Can 2014 Be The Next Big Step For Women In Film?Posted: January 13, 2014
So in case you didn’t notice, 2013 was a big year for women at the movies. The Hunger Games: Catching Fire was (in America) the highest-grossing movie of the year, with Frozen and Gravity also among the top 10 grossers. All of this would suggest that female-led movies- even action-adventure/genre ones- are fully capable of drawing a broad audience, despite the prevailing Hollywood “wisdom” to the contrary. Thankfully, 2014 is perfectly poised to build on these recent successes, and the end result should be more big movies with female heroes, and more female characters that are more than just pretty faces to be rescued. My reasons why after the jump:
There are plenty of movies coming out this year that will hopefully contribute to this movement, but these are the ones that I’m most excited about, and what about them I think will add most to the art form in terms of developed female characters. It should be noted, however, that the vast majority of these roles would be described as “Ass-Kicking” women, strong physically as much as mentally or emotionally, and are found in geek-friendly genre material as opposed to straight-up dramas. That’s partially a result of my own prejudices and tastes but primarily due to the lingering lack of well-developed protagonist roles for women in such movies. Now without further ado:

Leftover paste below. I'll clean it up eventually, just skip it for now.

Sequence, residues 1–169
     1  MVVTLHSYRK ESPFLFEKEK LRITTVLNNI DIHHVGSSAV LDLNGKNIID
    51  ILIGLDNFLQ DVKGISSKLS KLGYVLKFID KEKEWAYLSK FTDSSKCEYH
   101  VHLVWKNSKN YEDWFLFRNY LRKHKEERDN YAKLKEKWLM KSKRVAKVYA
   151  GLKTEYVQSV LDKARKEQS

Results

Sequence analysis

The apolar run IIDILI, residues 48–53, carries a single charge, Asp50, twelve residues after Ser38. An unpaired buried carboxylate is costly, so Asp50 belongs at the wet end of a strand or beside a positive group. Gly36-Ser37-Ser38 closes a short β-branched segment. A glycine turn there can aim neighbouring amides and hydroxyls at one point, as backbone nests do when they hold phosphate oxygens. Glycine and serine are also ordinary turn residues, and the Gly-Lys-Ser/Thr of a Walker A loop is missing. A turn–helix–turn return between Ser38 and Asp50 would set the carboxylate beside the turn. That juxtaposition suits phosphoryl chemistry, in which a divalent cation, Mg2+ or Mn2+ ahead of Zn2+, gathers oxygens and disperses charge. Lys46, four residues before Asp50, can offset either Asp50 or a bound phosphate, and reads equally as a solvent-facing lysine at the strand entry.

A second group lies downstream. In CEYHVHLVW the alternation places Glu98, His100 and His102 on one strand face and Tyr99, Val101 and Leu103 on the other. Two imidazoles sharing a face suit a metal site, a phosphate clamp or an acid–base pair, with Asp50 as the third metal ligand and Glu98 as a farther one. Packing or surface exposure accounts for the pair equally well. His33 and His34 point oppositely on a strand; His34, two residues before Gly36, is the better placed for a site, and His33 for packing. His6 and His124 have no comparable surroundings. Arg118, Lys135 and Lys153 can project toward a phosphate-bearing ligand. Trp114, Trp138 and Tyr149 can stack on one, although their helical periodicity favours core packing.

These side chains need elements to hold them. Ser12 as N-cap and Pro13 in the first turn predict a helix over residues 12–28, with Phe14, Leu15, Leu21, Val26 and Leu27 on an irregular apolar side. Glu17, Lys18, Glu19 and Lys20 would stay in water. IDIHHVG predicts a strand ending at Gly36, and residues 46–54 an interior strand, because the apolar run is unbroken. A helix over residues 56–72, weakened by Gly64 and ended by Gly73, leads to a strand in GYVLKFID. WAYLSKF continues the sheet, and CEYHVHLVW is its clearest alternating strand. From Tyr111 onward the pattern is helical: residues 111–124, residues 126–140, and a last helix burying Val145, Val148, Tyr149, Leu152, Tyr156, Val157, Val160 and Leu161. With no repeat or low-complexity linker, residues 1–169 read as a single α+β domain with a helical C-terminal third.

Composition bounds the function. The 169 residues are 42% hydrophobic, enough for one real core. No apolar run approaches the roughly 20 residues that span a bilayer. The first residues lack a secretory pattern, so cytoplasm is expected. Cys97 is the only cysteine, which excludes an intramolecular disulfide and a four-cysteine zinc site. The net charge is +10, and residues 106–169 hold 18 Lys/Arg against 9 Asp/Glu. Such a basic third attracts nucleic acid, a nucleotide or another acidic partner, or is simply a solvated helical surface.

Veronica Mars: the return of one of the great modern TV heroines has been much anticipated and discussed, and the first trailer shows a solid neo-noir with a lot of added depth for people who have seen the show. But regardless of any preexisting knowledge of the show and its world, if VM The Movie lives up at all to VM The Show, it should provide moviegoers with a terrific female protagonist, who can take care of herself and hold her own in a fight, while still being a rounded and thoughtful and vulnerable character. Can’t wait to see Kristen Bell to return to her original Awesome Lady role (which is still her best, despite the greatness of Frozen).
Divergent: Another side effect of The Hunger Games’ success has been the proliferation of YA dystopias with female leads, with Divergent being the first prominent example to make it to the multiplex. And despite some ogling of Theo James’ abs in the trailer, this movie definitely seems to be following the mold of Katniss in terms of having active and driven protagonists (as opposed to that other YA “heroine” played by Kristen Stewart). And having Shailene Woodley play such a character only improves the chances that it’ll be a protagonist worth rooting for. Combine that with themes of teenage identity crisis (identifiable for people of both genders) and maybe Divergent can succeed where all of the non-Harry Potter/Hunger Games/That Other Book Series knockoffs have failed.